Pigment irregularities- Visible discoloration of the leading edge of the labia majora/minora can occur.

Scarring - Scars may be unattractive and of different color than surrounding skin. Additional treatments including surgery may be necessary to treat abnormal scarring.

Surgical anesthesia- . There is the possibility of complications, injury, and even death from all forms of surgical anesthesia or sedation.

Asymmetry- Labia are normally uneven. Symmetry may not result from labiaplasty. Many other anatomical features may contribute to normal asymmetry in body features.

Delayed healing- Wound disruption or delayed wound healing is possible. This may require frequent dressing changes or further surgery to remove the non-healed tissue.

Smokers have a greater risk of skin loss and wound healing complications.

Allergic reactions- Allergic reactions may require additional treatment.

Swelling- Malposition, scarring, unacceptable appearance or loss of the labia may occur..

Long term effects- Subsequent alterations in body contour may occur as the result of aging, weight loss or gain, pregnancy, or other circumstances not related to labiaplasty.

Pain- Chronic pain may occur very infrequently from nerves becoming trapped in scar tissue after labiaplasty. Pain due to other associated conditions may not be relieved by labiaplasty.

Other- You may be disappointed with the results of surgery. Infrequently, it is necessary to perform additional surgery to improve your results.


Should complications occur, additional surgery or other treatments may be necessary. Even though risks and complications occur infrequently, the risks cited are particularly associated with labiaplasty. Other complications and risks can occur but are even more uncommon. The practice of medicine and surgery is not an exact science. Although good results are expected, there is no guarantee or warranty expressed or implied, on the results that may be obtained.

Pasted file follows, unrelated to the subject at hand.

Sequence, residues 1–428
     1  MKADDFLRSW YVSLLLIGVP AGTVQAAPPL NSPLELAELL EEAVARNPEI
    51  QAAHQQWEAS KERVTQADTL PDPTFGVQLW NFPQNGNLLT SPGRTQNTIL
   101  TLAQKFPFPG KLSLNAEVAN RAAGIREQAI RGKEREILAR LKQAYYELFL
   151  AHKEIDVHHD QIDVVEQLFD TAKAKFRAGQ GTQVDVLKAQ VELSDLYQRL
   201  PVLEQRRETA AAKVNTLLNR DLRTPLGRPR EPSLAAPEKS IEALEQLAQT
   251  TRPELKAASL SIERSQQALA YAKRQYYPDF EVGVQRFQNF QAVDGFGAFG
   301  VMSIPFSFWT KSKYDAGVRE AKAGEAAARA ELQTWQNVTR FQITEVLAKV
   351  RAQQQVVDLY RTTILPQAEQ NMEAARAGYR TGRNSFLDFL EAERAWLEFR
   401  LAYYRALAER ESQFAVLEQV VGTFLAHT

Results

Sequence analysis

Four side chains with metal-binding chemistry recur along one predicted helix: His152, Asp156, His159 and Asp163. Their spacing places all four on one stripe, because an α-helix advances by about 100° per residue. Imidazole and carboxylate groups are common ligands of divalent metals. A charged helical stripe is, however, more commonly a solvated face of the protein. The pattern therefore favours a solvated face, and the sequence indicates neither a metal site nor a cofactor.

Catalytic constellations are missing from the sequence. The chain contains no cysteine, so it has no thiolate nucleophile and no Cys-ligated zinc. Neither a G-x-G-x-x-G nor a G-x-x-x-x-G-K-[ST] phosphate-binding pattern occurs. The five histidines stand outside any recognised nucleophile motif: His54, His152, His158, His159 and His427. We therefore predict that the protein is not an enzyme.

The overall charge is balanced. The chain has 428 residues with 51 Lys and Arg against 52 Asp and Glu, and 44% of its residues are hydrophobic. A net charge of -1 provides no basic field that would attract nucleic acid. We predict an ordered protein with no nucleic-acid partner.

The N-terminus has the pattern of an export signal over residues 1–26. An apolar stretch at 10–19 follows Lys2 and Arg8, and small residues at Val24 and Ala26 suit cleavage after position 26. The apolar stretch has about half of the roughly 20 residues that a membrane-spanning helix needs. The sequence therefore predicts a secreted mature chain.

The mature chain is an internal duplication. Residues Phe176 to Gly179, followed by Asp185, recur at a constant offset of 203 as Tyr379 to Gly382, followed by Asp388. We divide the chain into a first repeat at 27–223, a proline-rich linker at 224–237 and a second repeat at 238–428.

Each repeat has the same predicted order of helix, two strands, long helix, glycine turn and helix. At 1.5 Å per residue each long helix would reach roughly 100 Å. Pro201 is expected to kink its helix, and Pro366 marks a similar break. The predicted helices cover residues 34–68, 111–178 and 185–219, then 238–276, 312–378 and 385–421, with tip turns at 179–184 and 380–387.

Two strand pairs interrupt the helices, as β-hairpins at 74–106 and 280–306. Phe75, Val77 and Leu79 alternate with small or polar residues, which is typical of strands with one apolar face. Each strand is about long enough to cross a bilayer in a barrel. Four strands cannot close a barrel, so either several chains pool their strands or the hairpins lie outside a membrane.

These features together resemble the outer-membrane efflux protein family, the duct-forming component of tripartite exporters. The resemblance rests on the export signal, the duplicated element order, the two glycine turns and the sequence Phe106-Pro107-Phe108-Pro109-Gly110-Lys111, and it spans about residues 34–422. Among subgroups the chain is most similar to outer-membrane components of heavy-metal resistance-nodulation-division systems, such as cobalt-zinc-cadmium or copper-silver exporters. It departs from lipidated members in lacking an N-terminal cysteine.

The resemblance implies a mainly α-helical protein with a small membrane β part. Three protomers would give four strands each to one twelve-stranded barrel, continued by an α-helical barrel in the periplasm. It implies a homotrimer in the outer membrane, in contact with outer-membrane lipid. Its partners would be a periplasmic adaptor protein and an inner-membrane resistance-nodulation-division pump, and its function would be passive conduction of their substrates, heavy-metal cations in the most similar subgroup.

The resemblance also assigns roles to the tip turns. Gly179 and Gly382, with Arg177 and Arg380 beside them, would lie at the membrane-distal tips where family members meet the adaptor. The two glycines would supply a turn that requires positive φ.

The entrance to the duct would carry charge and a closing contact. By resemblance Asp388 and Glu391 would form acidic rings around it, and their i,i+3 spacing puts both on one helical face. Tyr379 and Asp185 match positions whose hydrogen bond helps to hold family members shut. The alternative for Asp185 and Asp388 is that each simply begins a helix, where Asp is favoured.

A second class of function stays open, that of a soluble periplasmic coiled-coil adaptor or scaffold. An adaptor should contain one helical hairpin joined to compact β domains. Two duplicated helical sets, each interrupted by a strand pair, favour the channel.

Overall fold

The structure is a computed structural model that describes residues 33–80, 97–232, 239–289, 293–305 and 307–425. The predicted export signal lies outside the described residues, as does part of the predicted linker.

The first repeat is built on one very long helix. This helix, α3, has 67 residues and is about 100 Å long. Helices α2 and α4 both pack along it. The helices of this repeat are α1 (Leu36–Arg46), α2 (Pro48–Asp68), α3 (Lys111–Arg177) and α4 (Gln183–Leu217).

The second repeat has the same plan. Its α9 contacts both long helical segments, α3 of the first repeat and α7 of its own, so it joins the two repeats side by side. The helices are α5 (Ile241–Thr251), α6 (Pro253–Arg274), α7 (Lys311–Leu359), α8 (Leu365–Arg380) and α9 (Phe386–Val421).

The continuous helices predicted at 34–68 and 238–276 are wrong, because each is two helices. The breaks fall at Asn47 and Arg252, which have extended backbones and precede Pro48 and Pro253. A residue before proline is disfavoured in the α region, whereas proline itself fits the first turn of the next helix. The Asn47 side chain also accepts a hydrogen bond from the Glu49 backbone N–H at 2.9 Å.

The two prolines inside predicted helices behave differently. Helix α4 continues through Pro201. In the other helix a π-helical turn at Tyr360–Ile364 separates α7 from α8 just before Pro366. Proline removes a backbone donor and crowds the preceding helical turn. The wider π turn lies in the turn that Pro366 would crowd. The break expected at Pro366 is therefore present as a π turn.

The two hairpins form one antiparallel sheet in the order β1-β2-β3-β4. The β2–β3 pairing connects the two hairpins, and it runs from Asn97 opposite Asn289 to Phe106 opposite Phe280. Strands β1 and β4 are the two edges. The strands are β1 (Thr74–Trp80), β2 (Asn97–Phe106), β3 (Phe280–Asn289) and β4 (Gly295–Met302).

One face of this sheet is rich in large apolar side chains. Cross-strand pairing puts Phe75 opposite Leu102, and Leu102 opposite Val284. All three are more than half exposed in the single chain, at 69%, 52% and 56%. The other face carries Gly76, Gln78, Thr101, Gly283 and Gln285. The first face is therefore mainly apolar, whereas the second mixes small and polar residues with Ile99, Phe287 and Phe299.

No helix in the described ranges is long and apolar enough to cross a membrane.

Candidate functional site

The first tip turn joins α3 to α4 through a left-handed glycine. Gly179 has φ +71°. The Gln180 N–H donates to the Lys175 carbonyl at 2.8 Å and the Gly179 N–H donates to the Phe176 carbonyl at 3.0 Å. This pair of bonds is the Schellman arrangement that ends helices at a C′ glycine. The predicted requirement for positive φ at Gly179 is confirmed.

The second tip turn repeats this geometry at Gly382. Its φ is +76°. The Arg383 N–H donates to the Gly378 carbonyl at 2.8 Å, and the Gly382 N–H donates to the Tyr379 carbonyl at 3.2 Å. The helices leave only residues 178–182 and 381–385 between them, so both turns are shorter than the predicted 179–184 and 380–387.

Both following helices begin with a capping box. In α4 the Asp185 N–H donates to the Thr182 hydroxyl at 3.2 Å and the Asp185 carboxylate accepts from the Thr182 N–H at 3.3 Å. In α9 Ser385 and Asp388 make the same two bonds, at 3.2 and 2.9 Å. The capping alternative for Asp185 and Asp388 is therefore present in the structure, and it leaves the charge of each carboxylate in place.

Most health insurance companies exclude coverage for cosmetic surgical operations such as labiaplasty or any complications that might occur from surgery. Please carefully review your health insurance subscriber-information pamphlet.


Additional costs may occur should complications develop from the surgery. Secondary surgery or hospital day-surgery charges involved with revisionary surgery would also be your responsibility.

These risks should not be considered all inclusive in defining other methods of care and risks encountered. Your surgeon may provide you with additional or different information which is based on all the facts in your particular case and the state of medical knowledge.

Otto Joseph Placik, MD
Chicago Plastic Surgeon
5.0 out of 5 stars 56 reviews

Labiaplasty Risks

Thank you for your question.  As it is a surgical procedure, there are inherent risks with labia minora surgery. These risks include: infection, bleeding, wound healing issues, poor cosmesis, asymmetry, loss of sensation, and under/over correction. It is important to have an open discussion with a board certified plastic surgeon regarding your expectations for surgery, as they can thoroughly discuss outcomes and risks with you.